Head of tourism office steps down
The head of the Durango Area Tourism Office has announced that
she will be stepping down. Executive Director Mary Hart announced last week that she would resign
from the position effective Dec. 19.
Hart was hired in April of 2002 following the split of the
Durango Area Chamber Resort Association (DACRA) into the Durango Chamber of Commerce and the new
Durango Area Tourism Office. Bob Kunkel, chairman of the DATO board, commented, "Mary accepted a
very challenging situation, in as much as DATO was basically a start-up tourism-promotion
organization that needed a completely new business plan and an aggressive new approach to
marketing the Durango area, and we needed it yesterday."
Kunkel noted that during Hart's 20-month tenure, Durango
tourism was negatively impacted by many external factors. He cited the Sept. 11 terrorism attacks,
the local wildfires and extended Western drought, shakeout in the U.S. airline industry, the
prolonged downturn in the U.S. economy and the war in Iraq as hits on local visitation.
"Tourism promotion in good times is as tough and
competitive an industry as any," Kunkel said. "The DATO board is very grateful for the commitment,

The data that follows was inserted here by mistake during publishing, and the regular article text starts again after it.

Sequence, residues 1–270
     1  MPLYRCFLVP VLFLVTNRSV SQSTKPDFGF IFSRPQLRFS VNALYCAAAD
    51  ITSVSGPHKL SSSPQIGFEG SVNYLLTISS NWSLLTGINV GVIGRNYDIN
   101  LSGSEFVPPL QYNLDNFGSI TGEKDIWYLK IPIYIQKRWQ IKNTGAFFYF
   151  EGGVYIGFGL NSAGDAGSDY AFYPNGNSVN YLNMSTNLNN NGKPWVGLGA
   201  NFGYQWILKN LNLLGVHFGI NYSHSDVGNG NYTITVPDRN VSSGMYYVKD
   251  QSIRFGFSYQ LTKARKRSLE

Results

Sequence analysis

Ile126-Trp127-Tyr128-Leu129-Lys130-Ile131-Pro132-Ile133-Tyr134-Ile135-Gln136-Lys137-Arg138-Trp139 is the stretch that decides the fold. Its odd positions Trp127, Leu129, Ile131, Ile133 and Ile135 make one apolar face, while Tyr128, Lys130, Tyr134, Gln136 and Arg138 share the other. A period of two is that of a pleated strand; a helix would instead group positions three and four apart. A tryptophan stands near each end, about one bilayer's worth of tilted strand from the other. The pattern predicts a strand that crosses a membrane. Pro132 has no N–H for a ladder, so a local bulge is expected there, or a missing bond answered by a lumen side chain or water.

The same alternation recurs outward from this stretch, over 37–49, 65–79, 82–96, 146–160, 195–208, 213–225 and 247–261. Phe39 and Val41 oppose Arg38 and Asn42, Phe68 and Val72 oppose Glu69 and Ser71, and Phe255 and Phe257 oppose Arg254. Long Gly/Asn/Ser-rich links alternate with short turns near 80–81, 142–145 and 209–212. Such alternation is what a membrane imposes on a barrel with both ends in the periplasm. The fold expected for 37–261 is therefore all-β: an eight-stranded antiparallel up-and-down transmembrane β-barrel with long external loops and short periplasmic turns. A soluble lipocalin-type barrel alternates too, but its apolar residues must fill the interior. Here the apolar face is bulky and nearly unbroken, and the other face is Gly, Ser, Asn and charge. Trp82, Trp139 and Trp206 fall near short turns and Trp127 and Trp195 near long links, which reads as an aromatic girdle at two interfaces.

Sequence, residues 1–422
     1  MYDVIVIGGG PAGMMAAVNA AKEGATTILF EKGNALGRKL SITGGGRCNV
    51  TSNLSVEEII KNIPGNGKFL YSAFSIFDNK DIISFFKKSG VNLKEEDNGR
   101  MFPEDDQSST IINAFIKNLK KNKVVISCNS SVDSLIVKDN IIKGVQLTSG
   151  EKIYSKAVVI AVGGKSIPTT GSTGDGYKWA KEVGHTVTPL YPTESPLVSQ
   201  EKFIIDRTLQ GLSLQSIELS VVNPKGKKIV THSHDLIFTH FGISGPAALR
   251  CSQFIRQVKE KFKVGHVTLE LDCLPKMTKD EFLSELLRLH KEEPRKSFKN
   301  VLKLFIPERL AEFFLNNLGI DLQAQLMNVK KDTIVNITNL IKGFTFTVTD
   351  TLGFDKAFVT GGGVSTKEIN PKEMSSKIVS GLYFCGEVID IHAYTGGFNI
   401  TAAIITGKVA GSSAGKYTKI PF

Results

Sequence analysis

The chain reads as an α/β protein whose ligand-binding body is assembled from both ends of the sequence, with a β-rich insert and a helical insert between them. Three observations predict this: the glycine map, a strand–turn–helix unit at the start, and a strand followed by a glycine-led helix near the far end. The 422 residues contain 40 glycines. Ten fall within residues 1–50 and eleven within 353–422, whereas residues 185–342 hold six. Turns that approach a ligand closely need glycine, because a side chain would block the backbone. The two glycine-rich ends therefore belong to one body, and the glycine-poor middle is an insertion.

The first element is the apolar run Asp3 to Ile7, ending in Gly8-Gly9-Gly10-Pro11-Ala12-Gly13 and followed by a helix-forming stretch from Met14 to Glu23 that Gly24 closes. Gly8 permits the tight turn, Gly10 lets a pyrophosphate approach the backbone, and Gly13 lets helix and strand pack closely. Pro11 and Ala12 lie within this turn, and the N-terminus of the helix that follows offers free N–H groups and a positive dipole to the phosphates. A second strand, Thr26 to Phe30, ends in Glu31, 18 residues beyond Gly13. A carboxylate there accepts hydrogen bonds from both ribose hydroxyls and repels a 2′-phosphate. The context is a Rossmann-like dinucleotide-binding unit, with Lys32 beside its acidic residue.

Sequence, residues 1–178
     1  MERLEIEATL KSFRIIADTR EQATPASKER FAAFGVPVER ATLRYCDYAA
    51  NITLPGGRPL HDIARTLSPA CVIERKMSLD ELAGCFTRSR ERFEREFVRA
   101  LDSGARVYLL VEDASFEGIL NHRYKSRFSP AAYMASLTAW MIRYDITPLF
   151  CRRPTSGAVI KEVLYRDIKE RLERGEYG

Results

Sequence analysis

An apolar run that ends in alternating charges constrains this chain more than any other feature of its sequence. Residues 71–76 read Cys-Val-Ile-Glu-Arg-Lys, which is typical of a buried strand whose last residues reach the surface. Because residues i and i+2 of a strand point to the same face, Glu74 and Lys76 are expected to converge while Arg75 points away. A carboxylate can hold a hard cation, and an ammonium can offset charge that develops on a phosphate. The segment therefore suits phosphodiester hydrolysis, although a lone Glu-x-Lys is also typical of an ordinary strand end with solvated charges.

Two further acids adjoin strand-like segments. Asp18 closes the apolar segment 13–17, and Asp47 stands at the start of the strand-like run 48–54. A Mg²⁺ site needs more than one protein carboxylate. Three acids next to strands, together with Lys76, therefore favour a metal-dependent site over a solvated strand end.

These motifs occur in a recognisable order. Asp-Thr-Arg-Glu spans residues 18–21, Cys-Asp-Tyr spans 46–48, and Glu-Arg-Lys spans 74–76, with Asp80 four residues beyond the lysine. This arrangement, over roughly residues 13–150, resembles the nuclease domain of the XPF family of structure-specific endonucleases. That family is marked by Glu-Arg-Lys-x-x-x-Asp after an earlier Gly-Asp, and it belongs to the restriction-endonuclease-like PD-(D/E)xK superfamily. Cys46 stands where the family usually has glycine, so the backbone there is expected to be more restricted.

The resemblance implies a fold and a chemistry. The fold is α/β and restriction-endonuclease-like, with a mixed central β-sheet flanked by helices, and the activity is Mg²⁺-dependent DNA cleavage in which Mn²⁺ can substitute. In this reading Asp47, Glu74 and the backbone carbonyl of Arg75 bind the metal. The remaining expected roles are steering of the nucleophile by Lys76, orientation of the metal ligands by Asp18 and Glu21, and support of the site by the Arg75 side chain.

dedication and sacrifice that the entire DATO staff has demonstrated getting our organization
through some very challenging times."
DATO and local tourism are also poised for a strong future
according to Kunkel. "Right now the organization is running well," he said. "DATO is on solid
ground financially and strategically, the 2004 business and marketing plans are written, submitted
and approved, the budget year will start with approximately $125,000 in marketing reserves, and
all the latest tourism trend data suggests that the public's interest in vacation travel is
The DATO board expects hiring a new executive director to
take several months. Current staff will handle day-to-day marketing and operations until that
City unleashes Durango Dog Park
A citizen-based push for a local off-leash area paid off last
week when the Durango Dog Park opened at the base of Smelter. The park is the result of a
collaborative effort that began early this year and included work by the Durango Dog Park
Initiative, the city of Durango and Trails 2000.
Cathy Metz, Durango parks and recreation director,
explained that there were few improvements to the park and the park gained City Council approval
early this summer. However, access, parking and approvals for the Department of Health and
Department of Energy took time. The 10-acre park is on a reclaimed tailings pile across the river
from the whitewater park and the wastewater treatment plant. Consequently, the Department of
Health and Department of Energy had to sign off on it. Trails 2000 also came on board to
facilitate access by building a trail beneath the U.S. Hwy 160 bridge. Dog owners are asked to
park at Schneider Park on the west end of 9th Street and follow a dirt trail to the park.
All told, the park cost less than $2,000, according to
Metz. "We wanted to keep the improvements low in cost and the group wanted to keep it natural,"
Metz also said that the area is enjoying success despite